The 2008 Celtics produced one of the best teams of all time, winning 66 games and a championship. Their 11.5 net rating was the highest since the 1996-97 Bulls, per the NBA.com stats page. It stood as the definitive mark in this century until the Warriors came along.

What makes the Celtics of that era so compelling is that their ultimate legacy is twisted and complicated. They were both an overnight sensation and one of the more enduring teams of the last decade.

It was period full of surprises — unexpected runs to the 2010 finals and 2012 conference finals were wondrous things to behold — and it was also littered with disappointment. Garnett’s knee injury in 2009 robbed them of a chance to repeat with what virtually everyone associated with what the franchise feels was a superior team. Their 2011 playoff appearance was brief and bitter. It all ended futilely in 2013, a year too late.

As it turned out, 2008 was their definitive masterpiece. How good were they? Ryan later ranked them the second-best team in franchise history, ahead of two Larry Bird title teams and every squad of the Russell era.

What keeps the 2008 Celtics out of Greatest Team of All-Time discussions was a bumpy playoff ride that included a pair of early-round seven-game series that even now seem inexplicable. Dethroning the Pistons in the Eastern Conference finals and defeating the Lakers to capture the title brought the experiment full circle and solidified their place within their historical context.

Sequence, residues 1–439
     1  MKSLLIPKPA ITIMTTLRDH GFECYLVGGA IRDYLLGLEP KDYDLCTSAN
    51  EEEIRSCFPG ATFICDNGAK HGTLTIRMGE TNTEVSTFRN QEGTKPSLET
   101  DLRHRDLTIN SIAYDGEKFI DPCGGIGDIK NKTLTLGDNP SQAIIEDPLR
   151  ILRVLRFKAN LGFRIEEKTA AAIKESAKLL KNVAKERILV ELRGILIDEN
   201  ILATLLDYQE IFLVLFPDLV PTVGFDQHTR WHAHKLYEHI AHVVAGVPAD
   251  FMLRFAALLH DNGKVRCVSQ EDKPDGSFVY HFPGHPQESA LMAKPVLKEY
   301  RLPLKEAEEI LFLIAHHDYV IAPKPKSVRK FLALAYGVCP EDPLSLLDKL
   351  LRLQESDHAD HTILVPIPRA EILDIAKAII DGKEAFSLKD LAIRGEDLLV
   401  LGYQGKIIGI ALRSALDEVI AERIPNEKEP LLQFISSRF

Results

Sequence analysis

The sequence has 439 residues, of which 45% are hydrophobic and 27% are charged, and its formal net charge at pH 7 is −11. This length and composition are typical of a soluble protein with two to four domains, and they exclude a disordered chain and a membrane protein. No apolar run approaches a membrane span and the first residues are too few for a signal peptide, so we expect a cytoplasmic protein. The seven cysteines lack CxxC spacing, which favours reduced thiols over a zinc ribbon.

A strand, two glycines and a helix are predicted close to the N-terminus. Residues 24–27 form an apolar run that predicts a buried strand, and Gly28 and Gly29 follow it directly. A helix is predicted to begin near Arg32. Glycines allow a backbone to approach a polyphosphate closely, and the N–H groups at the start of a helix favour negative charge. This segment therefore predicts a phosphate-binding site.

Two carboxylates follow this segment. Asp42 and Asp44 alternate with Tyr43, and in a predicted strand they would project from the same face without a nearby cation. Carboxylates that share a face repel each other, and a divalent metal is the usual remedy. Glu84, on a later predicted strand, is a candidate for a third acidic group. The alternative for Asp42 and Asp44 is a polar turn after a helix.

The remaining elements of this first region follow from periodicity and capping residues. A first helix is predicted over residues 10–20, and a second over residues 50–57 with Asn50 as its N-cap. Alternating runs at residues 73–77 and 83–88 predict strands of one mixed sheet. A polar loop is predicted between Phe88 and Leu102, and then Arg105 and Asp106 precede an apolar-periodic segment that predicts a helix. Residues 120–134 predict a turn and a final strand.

Their championship season arrived at exactly the right time, just as the Spurs were beginning to decline and right before the Lakers built themselves back into a juggernaut. The LeBron era was still in its upward trajectory, but just ahead of its peak. The moment was right for a new contender, and the Celtics filled the void.

T-Mobile Magenta Carpet At The NBA All-Star Game - Arrivals Photo by Alberto E. Rodriguez/Getty Images

The New Big 3 paradigm was also a major pivot point in the league’s evolution, and star collecting was soon all the rage. The Lakers countered with size, adding Pau Gasol to form a mega frontline with Lamar Odom and Andrew Bynum behind Kobe Bryant. The LeBron Heat formed as both a reaction to and an updated version of the C’s blueprint. Years later, the Cavs and Warriors built their teams with three stars in mind, until Golden State took the approach to its logical extreme and added a fourth.

Perhaps even more telling are the attempts to replicate their success that fell short. The Dwight Howard-era Magic never quite got it right, and the would-be Clipper Big 3 never got out of the second round. Darryl Morey’s Rockets have been prowling for stars ever since.

Simply collecting great players isn’t enough, and keeping them together has proved just as difficult. The Oklahoma City Thunder discovered that with their homegrown version.

The exceptions — the 2011 Mavericks and the 2014 Spurs — stand out precisely because they are exceptions to the star-gathering culture that dominates the league. They proved that there is no one way to build a championship team, but stars remain the essential part of any formula.

What made the 2008 Celtics unique was that never before had a team been thrown together with as much success. Their 38-win turnaround is the largest in NBA history, and their championship in Year One has never been duplicated by any of the instant superteams that were formed in their wake. In that, they stand alone.

Has it really been 10 years?